Europe is also the leading region for patenting technology related to the storage, distribution and transformation of hydrogen, with an overall 33% share in IPFs in this field. Again, the USA and Japan are important contributors with a 23% and 22% share in IPFs, with Korea and China contributing smaller shares of 5% and 3% respectively.

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Figure 3: Percentage share of hydrogen storage, distribution and transformation IPFs in Europe, Japan, the USA, Korea and China. Data obtained from the EPO and IEA report: Hydrogen patents for a clean energy future, EPO and IEA, 2023, pages 10 and 28.

Europe taking the lead here may be due to European chemical companies already having technology in place for the storage, distribution and transformation of hydrogen produced from fossil fuels (e.g. via steam methane reforming).
 
Japan and the USA also have a high share of IPFs in this category. Europe, Japan and the USA are therefore all important innovation centres for technology related to distributing and transporting hydrogen.
 

Hydrogen End-Use Applications

 The majority of patents directed towards the end-use and industrial applications of hydrogen have come from Japan and Europe, with shares in IPFs of 28% and 27% respectively. Again, the USA is also an important region to consider with a 19% share in IPFs in this category.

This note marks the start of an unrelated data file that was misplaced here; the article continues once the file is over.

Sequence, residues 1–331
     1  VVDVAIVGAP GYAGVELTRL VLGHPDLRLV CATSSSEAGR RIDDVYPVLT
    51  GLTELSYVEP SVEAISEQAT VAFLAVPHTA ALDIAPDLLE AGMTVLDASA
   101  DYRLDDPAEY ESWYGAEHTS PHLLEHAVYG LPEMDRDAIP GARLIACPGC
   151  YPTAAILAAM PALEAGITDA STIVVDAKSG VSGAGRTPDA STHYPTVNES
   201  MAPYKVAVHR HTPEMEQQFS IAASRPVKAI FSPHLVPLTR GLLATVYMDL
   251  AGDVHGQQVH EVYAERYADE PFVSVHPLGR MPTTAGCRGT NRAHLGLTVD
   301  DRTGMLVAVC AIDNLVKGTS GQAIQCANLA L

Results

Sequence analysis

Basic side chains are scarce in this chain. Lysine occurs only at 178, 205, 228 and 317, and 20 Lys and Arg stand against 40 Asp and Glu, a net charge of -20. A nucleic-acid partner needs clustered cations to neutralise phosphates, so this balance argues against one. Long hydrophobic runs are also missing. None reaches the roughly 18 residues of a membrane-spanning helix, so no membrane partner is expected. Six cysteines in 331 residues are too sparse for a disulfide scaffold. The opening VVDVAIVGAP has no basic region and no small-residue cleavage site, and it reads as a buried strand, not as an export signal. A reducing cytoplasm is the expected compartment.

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Figure 4: Percentage share of end-use and industrial application IPFs in Europe, Japan, the USA, Korea and China. Data obtained from the EPO and IEA report: Hydrogen patents for a clean energy future, EPO and IEA, 2023, pages 10 and 28.

One of the most common end-use applications of hydrogen is as a fuel (e.g. in automotive applications). Taking a closer look at hydrogen patenting in the automotive industry, it appears that Japan in particular is the leading region for patenting in this field, with a 39% share of related IPFs, followed by Europe at 22%. Korea again has a particularly high contribution in this sector, with its contribution matching that of the USA at 14%. Therefore, Korea and Japan are important innovation centres for the end-use applications of hydrogen in the automotive industry.

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Figure 5: Percentage share of hydrogen automotive industry IPFs in Europe, Japan, the USA, Korea and China. Data obtained from the EPO and IEA report: Hydrogen patents for a clean energy future, EPO and IEA, 2023, page 63.
 

Summary and Outlook

 Europe, Japan, the USA, Korea, and China have all demonstrated themselves as important innovation centres for hydrogen technology, with Europe, Japan and the USA in particular leading patenting across all three categories of hydrogen innovation. It is therefore important to consider these innovation centres when planning filing strategies.
 
We look forward to watching the progress of hydrogen innovation over the coming years. With continued progress, we hope that hydrogen will become a viable source of clean energy in the future.
 
If you would like to discuss this further, please get in touch with Alice Bumstead, James Snaith or your usual Kilburn & Strode advisor.